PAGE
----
City Beautiful by John Hamer

In 1881, Mark Twain described Montréal as a city
“where you couldn’t throw a brick
without breaking a church window.”
In 2014, we might describe Montréal as a city
where you can’t throw a brick
without hitting something beautiful.

Everywhere you look—in the alleyways,
in the exquisitely dressed up
mannequins in the shop windows,
at the people (my god, the people!)
on the Mountain, down by the River,
in the parks, and in the open-air markets
(like Marché Jean-Talon and Marché Atwater)
—everywhere you look, it seems
that our fellow citizens are conspiring
(it really does look like a conspiracy)
to make everything they touch
—including themselves—beautiful.

Seriously, you can’t even walk to the pharmacy
to pick up some garbage bags
without being left speechless
again and again and again.

Let me be clear, the beauty of which I speak
—the beauty of this great city—is not
the natural (and thus accidental) beauty of BC or Banff.
Nor is it the kind of beauty that you pay money to see,
like the beauty to be found in a museum.
No, the beauty of which I speak is free,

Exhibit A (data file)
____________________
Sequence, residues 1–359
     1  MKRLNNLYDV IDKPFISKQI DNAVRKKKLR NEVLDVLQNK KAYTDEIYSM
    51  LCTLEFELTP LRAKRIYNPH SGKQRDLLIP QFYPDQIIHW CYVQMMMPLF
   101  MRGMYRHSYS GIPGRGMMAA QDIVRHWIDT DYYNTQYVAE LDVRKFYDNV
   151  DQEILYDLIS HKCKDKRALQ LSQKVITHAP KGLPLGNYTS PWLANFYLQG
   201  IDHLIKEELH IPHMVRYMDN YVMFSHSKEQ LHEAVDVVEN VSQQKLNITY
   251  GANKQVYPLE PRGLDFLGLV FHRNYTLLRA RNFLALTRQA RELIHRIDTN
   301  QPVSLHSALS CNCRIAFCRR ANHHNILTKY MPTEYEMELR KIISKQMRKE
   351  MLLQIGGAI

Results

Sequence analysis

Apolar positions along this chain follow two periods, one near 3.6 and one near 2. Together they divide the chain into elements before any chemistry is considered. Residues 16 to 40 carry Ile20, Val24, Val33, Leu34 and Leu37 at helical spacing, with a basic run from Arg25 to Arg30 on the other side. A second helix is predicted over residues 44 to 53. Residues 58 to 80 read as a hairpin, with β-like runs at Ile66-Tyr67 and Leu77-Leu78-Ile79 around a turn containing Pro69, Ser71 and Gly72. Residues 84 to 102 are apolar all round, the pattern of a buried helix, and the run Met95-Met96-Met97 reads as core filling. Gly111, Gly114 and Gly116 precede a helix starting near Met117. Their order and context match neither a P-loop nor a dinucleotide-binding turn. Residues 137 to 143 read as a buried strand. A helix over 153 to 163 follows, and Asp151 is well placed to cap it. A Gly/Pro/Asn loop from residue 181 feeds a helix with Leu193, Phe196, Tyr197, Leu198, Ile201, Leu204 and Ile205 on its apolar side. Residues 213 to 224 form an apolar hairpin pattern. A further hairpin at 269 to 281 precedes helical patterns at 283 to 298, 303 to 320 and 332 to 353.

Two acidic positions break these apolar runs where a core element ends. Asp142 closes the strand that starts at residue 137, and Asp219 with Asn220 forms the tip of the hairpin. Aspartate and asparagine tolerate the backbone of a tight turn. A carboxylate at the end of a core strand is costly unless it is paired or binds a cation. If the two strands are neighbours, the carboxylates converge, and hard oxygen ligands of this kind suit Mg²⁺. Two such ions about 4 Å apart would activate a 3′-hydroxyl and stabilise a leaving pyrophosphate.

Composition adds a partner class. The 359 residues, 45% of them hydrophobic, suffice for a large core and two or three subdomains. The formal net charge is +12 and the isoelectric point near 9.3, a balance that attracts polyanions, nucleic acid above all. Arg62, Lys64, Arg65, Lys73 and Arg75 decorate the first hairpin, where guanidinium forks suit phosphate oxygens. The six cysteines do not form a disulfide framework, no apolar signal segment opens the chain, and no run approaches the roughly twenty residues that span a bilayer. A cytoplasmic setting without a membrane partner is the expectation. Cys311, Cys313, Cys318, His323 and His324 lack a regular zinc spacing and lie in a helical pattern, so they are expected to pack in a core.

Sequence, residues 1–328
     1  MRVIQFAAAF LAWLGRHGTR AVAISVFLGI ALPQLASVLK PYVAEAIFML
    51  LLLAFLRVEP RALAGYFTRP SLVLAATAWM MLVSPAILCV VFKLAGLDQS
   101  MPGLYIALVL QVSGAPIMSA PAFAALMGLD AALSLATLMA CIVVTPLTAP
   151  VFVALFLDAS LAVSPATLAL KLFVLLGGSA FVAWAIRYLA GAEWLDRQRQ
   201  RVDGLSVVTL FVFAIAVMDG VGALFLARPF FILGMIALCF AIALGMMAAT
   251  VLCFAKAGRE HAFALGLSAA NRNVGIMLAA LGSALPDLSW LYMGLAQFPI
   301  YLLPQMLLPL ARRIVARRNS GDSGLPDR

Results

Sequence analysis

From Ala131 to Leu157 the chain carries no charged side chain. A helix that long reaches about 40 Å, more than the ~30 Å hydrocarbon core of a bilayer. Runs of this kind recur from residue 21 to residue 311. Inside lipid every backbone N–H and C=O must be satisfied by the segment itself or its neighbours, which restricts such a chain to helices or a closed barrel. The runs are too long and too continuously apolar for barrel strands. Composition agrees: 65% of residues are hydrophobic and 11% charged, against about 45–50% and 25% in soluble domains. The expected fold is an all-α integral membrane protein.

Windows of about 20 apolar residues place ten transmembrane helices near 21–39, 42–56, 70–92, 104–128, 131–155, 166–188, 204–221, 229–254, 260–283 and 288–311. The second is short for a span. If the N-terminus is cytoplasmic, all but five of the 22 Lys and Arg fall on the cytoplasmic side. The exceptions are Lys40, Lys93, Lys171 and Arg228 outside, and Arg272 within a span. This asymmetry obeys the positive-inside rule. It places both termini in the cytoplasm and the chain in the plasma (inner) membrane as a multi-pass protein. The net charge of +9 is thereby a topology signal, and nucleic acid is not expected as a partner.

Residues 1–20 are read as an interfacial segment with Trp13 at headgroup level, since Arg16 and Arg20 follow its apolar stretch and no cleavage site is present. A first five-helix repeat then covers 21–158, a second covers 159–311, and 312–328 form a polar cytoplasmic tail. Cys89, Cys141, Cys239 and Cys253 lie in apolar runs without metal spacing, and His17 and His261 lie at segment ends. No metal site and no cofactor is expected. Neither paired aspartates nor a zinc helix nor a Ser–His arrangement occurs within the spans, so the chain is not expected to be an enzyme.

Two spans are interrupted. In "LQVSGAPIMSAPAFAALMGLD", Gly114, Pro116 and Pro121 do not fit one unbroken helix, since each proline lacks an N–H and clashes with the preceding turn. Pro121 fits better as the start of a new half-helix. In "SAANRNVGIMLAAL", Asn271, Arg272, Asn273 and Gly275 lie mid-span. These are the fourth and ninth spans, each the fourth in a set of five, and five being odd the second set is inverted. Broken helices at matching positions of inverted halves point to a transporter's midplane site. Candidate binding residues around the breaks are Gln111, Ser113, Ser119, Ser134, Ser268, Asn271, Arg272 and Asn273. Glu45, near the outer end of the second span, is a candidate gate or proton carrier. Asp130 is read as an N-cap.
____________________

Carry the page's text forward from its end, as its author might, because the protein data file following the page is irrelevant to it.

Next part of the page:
and it’s very, very intentional.
Like the perfect hair of the hormonal teenager,
the beauty of Montréal is beautiful
because it wants to be—and this charms me to no end.

Something wonderful is happening in this city—despite
(a) corruption scandals that would make
a Latin American dictator blush,
(b) crumbling municipal infrastructure that’s made
much of downtown look like the perfect place to shoot
a post-apocalyptic disaster movie,
(c) a federal government hell-bent on destroying
everything we love about Canada,
(d) and a provincial government hell-bent on destroying everything we love about Québec.

In spite of all these things,
and against all odds,
there is a buzz of creativity here
unlike anything I’ve seen before
in my lifetime.

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